As I said earlier, this is a fully loaded touring bike. Lights were definitely a requirement. In this case, the fork is designed to take a B & M dynamo and headlight. It's actually set-up to take either a right of left hand dynamo for maximum flexibility, and there are about 5 ways the lamp could be mounted to accommodate many rack configurations. Again, I love the way the copper naturally darkens around the lug edges, highlighting all the carving that went into this bike.

The dropouts are pretty standard BBC issue, but it's worth a few pictures of how the brass filler shows through the plating. Initially I was concerned that this would look bad, but in the end, I think it only adds to the overall appeal of this finish. The color around the eyelet is actually a small amount of copper oxidation that occurred prior to clear coating. I expect the copper will oxidize slightly even under the clear, but it will be a slow process and should only add to the charm.

One thing I will say is that this is not a finish to be applied to sloppy brazing. As you can see, everything shows. Here is a shot of the driveside dropout. Filler has to be only where it's supposed to be or you'll see it. If you click on the photo to enlarge it, this pictures shows the texture of the copper quite well.

In other news, I'm still hacking and coughing constantly. This thing just won't shake loose, but I know several other folks with similar problems and it sounds like the cough hangs on for about 3 weeks. yuk. I still managed to get in a couple of rides this weekend despite hacking the whole way. Did some hills with the kenwood boys Saturday, during which time I discovered that I still felt pretty weak from being sick. Then went out Sunday on what should have been an easy ride, but due to my tired legs and a stiff headwind I really felt the hurt.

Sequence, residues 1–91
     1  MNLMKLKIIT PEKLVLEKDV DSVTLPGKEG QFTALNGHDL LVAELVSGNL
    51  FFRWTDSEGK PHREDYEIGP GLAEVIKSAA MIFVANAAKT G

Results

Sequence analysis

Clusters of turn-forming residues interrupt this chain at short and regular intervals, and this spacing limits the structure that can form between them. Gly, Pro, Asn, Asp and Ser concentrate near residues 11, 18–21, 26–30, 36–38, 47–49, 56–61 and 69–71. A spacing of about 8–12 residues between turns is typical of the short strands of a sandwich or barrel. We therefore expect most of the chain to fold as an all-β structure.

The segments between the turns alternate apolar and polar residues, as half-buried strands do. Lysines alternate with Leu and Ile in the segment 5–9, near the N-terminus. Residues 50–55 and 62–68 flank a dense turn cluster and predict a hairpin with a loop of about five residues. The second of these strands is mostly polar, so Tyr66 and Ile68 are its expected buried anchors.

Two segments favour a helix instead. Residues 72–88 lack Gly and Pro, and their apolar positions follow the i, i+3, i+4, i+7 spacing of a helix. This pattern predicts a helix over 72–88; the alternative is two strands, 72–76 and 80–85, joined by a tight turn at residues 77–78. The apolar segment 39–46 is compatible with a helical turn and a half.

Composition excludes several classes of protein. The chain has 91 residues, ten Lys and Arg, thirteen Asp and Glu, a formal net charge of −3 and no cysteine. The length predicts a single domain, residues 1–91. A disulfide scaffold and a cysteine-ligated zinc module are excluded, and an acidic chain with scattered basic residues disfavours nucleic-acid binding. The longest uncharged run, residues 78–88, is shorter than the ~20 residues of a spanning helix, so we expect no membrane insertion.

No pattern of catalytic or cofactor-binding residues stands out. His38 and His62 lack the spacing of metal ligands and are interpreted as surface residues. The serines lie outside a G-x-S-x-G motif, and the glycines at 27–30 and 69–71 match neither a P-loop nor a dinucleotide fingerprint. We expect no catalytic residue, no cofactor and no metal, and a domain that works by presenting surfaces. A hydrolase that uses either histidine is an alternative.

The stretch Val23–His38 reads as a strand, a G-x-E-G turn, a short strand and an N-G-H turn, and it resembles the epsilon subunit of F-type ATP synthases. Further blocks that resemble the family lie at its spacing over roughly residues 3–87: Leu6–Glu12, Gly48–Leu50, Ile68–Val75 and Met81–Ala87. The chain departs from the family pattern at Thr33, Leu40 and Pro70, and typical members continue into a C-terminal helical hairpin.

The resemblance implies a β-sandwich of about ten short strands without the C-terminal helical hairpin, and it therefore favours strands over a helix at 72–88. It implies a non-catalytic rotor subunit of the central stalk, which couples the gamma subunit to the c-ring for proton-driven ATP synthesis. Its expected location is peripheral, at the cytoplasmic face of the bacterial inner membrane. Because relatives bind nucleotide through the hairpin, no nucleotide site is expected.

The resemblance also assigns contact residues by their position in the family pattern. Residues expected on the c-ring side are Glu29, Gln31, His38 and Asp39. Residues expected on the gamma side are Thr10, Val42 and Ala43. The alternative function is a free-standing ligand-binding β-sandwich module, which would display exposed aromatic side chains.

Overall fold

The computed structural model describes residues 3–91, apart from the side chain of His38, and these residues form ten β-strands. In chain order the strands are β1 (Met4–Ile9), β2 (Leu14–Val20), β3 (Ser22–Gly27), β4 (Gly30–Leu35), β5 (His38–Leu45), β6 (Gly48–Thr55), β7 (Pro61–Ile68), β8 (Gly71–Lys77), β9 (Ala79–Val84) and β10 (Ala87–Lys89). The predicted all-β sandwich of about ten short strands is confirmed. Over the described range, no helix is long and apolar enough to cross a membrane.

That ride pretty well took the wind out of my sails the rest of Sunday, so I layed low and tuned up an old commuting bike for a friend and then installed a couple sections of trim upstairs in the new room. That was about all I had the energy for.

Talk at you later,


Monday, March 20, 2006


I'm feeling pretty drained right now. I've been fighting off what I thought was a cold for the last week or so. I'm starting to wonder though since the cough just isn't going away and I feel like my lungs are still full of crap. I'll give a few more days to see if things improve, but I'm getting tired of hacking all day. I felt quite a bit better on Saturday, and not bad Sunday (after a long nap), but today's not going so well. I think it might be time for another nap soon...

Due to feeling like crap, I haven't gotten any kind of exercise since the long fixie ride the previous weekend. This isn't helping my fitness kick that I was on. Usually I just keep going right through most colds, but this one seems to really be draining my energy. Maybe I'm just getting old, I dunno. Either way I'm not exactly on track for getting in shape for my upcoming trip to the Fruita fat tire festival.